Product names serve a different purpose to company names. It sounds trite, but a product name should help sell the product. A company name should represent the company.
Welcome to Part Two of a series on the five foundational elements of innovation. Come and meet fingers three and four of the Fist of (Innovation) Fury!
Ideas are just one part of the innovation process. That process is built on five foundational elements represented here by the Fist of (Innovation) Fury!
Truth be told, it’s more of an open handed slap than a fist, but “the open handed slap of (innovation) fury” just isn’t quite as catchy.
It is almost always helpful to explore the underlying questions before diving in to answers. In the case of innovation, a key question is HOW do big companies and startups create products? In what ways do they walk the same path and where do they diverge?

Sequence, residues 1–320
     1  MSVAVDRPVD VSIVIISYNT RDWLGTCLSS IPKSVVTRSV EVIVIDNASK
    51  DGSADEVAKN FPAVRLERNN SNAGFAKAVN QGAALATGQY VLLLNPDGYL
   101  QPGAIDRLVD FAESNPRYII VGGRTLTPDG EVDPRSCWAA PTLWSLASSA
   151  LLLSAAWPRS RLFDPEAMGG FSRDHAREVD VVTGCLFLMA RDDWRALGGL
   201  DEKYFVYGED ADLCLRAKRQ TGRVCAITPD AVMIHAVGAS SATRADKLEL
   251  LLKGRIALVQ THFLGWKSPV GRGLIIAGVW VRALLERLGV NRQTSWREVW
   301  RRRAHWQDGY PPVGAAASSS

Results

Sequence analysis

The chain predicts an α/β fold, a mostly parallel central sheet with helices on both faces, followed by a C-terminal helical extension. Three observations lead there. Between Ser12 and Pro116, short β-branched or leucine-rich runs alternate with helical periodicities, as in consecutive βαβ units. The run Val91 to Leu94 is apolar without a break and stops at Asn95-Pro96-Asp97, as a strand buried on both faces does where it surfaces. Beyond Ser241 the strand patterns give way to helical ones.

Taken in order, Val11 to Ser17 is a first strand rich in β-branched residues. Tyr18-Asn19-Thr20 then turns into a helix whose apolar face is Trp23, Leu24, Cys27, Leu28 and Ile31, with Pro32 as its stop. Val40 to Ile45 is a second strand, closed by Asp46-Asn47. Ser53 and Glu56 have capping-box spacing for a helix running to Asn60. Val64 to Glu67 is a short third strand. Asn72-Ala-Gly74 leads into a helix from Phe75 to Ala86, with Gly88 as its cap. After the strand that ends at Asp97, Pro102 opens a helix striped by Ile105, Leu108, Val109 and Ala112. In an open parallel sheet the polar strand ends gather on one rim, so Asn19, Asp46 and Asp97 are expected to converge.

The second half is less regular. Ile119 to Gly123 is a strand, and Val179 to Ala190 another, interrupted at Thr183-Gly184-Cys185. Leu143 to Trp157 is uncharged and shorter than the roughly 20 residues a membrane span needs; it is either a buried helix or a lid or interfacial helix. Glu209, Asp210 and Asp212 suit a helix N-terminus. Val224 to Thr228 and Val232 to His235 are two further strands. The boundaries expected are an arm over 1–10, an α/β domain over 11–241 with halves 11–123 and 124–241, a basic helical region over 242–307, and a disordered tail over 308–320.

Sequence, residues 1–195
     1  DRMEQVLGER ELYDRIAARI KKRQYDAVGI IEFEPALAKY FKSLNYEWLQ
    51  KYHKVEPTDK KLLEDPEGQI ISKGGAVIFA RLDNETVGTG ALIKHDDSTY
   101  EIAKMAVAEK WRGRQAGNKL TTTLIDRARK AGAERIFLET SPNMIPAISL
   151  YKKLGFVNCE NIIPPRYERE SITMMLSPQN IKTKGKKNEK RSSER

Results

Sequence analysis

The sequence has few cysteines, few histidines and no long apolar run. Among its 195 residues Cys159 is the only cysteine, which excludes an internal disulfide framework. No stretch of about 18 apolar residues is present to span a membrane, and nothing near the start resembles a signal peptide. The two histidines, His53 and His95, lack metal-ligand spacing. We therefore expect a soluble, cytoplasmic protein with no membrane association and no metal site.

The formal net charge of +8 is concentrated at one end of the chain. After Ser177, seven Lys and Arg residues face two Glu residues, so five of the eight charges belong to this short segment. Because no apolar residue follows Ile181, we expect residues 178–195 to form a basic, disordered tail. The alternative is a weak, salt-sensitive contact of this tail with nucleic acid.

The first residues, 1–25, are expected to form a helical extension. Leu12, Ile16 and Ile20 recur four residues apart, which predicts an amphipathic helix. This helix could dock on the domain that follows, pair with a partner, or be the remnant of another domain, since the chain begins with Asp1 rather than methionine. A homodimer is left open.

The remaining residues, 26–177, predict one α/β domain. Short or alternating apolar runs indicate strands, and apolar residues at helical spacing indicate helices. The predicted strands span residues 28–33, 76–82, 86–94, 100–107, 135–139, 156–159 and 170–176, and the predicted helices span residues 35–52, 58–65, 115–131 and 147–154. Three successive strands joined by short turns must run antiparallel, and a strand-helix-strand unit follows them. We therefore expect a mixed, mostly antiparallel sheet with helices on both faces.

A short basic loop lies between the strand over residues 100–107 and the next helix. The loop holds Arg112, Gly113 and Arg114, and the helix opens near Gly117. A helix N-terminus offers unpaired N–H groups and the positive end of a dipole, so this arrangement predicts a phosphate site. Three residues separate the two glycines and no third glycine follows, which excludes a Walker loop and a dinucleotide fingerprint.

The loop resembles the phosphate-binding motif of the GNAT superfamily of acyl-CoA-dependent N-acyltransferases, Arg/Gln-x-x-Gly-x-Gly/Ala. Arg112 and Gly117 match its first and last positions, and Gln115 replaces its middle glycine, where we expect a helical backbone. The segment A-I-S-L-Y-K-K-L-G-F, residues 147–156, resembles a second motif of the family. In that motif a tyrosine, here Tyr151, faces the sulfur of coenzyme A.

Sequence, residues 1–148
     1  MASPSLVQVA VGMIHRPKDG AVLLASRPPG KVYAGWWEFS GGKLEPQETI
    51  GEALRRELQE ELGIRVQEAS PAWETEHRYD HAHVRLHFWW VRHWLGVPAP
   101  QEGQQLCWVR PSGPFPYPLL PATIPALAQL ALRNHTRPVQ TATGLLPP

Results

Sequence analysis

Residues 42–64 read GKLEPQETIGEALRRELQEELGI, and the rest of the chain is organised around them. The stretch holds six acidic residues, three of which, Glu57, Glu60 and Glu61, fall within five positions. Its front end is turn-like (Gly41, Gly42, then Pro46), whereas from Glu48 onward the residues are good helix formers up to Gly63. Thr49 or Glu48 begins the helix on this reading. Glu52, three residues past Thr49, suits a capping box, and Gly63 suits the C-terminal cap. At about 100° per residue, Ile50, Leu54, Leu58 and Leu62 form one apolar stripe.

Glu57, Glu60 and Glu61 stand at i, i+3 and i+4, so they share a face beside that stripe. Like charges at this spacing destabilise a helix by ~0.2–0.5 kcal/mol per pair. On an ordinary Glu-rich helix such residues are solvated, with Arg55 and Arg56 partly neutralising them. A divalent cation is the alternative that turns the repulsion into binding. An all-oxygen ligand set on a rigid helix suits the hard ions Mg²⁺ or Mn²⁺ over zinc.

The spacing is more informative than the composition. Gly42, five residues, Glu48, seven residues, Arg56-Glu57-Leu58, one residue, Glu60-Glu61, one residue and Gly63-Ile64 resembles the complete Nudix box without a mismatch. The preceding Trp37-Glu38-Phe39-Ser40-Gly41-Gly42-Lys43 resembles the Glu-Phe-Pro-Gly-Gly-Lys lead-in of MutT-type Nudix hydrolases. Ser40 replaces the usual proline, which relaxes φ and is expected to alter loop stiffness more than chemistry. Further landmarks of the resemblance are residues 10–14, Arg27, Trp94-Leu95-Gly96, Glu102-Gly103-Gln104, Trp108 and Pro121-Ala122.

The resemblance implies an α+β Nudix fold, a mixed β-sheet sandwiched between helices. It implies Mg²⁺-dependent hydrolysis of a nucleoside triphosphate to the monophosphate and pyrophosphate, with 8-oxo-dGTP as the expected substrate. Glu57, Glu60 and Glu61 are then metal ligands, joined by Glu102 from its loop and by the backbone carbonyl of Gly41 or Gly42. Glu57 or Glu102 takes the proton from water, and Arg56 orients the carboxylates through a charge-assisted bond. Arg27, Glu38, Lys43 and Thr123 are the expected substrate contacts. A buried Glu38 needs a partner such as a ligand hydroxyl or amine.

Grasshopper, the answer to this question lies within!
Cake or death?
In big companies, more often than not, innovation is the result of a Burning Platform. Some catastrophic event forces a company to change its ways or face death. Does it have to be that way? Of course not. Just as everyone would choose cake, big companies can actually choose to innovate.
(*Burning Platform required)
Embracing innovation is the corporate equivalent of inviting a cool kid you don’t really like to your birthday party. If they come to the party, you’ll probably be miserable. If they scorn you, you’ll look bad infront of all of your friends. Or at least, that’s the way it seems. **Spoiler Alert** The actual data shows that, given enough time, every successful big company innovates.